ARSA Training Resource
Since its inception, ARSA has worked to ensure that basic safety information (i.e., Instructions for Continued Airworthiness [ICA], including component maintenance manuals [CMM]) is made available at a fair and reasonable price to operators, maintenance providers, and any other person required by Title 14 Code of Federal Regulations (CFR) to comply with those instructions.
14 CFR § 21.50(b) and its predecessors require holders of design approvals to prepare information essential to continued airworthiness (euphemistically, ICA) and “make it available” to persons required to comply with the terms of the instructions. Under part 91, owners are required to ensure the information is followed and recorded; under part 43, maintenance providers are required to perform maintenance and record maintenance in accordance with the information.
Notwithstanding the clear language of § 21.50(b) and predecessor requirements, the Federal Aviation Administration (FAA) has been slow to enforce these obligations. On the other hand, the agency has vigilantly enforced the requirement that those performing maintenance do so in accordance with the manufacturer’s instructions (see §§ 43.13, 145.51 and 145.109).
As the timeline emphasizes, the association as well as other interested parties have taken numerous steps and will continue to combat this “double standard” of enforcement.
ARSA Works ICA Timeline
July 30, 2021: On July 30, ARSA sent a letter to the FAA and the U.S. DOT urging leaders to use a new White House executive order as a tool to correct errors in ICA enforcement.
December 23, 2019: Following up on the November 2018 member toolkit on the subject, ARSA delivered a petition to eliminate language from 14 CFR § 145.109(d) requiring certain documents and data be “current and accessible when the relevant work is being done.”
November 19, 2018: ARSA released a members-only toolkit providing a draft petition for exemption – and instructions for its submission – from the requirement under 14 CFR § 145.109(d) that repair stations have “current” manufacturer’s data available even when it is not needed and will not be used.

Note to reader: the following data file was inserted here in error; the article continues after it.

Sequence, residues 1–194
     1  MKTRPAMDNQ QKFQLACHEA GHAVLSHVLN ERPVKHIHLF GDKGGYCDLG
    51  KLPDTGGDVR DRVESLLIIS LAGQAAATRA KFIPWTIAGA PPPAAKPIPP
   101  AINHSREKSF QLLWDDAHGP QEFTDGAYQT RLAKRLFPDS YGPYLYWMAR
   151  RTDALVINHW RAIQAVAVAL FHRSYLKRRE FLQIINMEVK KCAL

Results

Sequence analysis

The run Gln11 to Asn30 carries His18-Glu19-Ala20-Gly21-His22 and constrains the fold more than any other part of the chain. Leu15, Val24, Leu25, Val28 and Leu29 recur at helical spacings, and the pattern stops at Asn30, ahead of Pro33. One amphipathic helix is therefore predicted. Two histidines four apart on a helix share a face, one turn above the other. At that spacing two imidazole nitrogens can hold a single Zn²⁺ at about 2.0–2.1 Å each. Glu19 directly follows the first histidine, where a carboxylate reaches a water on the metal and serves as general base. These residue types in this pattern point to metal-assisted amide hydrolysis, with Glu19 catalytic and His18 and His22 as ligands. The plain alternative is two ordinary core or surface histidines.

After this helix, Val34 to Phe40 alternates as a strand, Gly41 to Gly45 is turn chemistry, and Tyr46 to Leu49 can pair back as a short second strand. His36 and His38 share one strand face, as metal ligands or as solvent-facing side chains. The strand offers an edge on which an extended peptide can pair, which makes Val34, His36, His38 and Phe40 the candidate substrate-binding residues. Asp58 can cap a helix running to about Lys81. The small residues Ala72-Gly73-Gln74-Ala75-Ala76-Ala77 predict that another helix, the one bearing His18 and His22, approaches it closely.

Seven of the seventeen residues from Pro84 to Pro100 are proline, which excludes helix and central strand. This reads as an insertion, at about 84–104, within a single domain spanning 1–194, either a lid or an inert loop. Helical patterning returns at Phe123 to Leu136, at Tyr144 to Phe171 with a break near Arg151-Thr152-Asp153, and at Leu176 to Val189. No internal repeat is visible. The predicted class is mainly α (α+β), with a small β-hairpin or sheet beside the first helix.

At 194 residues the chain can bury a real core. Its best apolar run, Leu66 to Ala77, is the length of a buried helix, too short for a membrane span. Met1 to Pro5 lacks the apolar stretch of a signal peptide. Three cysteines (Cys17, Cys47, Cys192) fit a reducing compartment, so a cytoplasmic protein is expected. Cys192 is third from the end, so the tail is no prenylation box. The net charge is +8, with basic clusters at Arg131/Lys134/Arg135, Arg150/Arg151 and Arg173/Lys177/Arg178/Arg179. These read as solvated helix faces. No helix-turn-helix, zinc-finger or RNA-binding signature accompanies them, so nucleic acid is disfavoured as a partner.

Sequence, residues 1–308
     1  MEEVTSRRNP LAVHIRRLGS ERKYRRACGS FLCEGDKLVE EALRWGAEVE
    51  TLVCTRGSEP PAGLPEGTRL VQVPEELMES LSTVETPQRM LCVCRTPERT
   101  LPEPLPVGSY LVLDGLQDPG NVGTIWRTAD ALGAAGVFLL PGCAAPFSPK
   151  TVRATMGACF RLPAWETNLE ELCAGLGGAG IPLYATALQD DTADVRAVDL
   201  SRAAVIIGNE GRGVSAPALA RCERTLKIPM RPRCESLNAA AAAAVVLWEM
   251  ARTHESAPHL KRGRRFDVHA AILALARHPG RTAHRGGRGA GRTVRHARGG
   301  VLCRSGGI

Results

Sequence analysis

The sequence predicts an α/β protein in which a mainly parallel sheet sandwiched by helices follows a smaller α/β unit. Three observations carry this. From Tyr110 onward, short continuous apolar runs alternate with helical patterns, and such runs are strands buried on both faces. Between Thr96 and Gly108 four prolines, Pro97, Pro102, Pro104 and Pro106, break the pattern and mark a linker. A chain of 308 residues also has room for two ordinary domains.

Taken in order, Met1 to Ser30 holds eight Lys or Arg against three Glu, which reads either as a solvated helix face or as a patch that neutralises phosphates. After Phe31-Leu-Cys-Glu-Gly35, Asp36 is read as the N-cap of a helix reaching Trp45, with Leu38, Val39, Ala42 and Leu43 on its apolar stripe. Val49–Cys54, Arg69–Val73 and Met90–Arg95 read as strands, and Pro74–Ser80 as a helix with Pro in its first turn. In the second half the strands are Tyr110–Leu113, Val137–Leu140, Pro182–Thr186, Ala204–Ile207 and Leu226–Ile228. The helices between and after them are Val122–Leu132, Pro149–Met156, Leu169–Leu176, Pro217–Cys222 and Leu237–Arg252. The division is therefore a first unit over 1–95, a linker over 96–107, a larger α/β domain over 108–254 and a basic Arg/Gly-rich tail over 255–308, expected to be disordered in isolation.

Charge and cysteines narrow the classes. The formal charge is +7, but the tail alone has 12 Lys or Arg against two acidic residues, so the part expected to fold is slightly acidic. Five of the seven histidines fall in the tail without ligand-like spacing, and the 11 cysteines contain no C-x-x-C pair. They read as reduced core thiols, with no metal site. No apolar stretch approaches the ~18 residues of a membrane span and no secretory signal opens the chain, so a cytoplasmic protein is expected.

August 28, 2018: ARSA filed a comment with the U.S. Small Business Administration National Ombudsman’s office.
Industry Toolkit (Word Document)
July 31, 2018: IATA, CFM International Sign Pro-Competitive Agreement on Engine Maintenance; to read the agreement as issued by CFMI.
May 29, 2018: ARSA submitted comments in response to EASA’s Notice of Proposed Amendment (NPA) 2018-01 pertaining to ICA. The association praised the agency’s effort, then critiqued the proposal against decades of industry frustration with regulatory treatment of maintenance data.
December 1, 2017: A US court ruling determined the FAA is not obligated to force a manufacturer to supply maintenance instructions to a repair station, noting that it is the agency’s discretion if and how it enforces its own rules – in this case related to 14 CFR § 21.50’s ICA requirements.
Petition and Related Exhibits
May 24, 2017: ARSA completes multi-session training series on ICA. Series available on demand.
March 16, 2016: The International Air Transport Association (IATA) announced that it has become a complainant in an investigation being conducted by the European Commission’s Directorate General for Competition (DG-COMP) into alleged abuses of dominant positions by manufacturers of aviation equipment.
November 9, 2015: ARSA filed comments analyzing Draft Order 8110.54B, Instructions for Continued Airworthiness Responsibilities, Requirements, and Contents and Draft Advisory Circular 20-ICA, Instructions for Continued Airworthiness. ARSA’s comments reiterate that aviation products are only as airworthy as their constituent components. The applicable airworthiness standards emphasize that ICA requirements apply to all articles that are eligible for installation on all type-certificated products and therefore must be made available by all design approval holders (DAHs).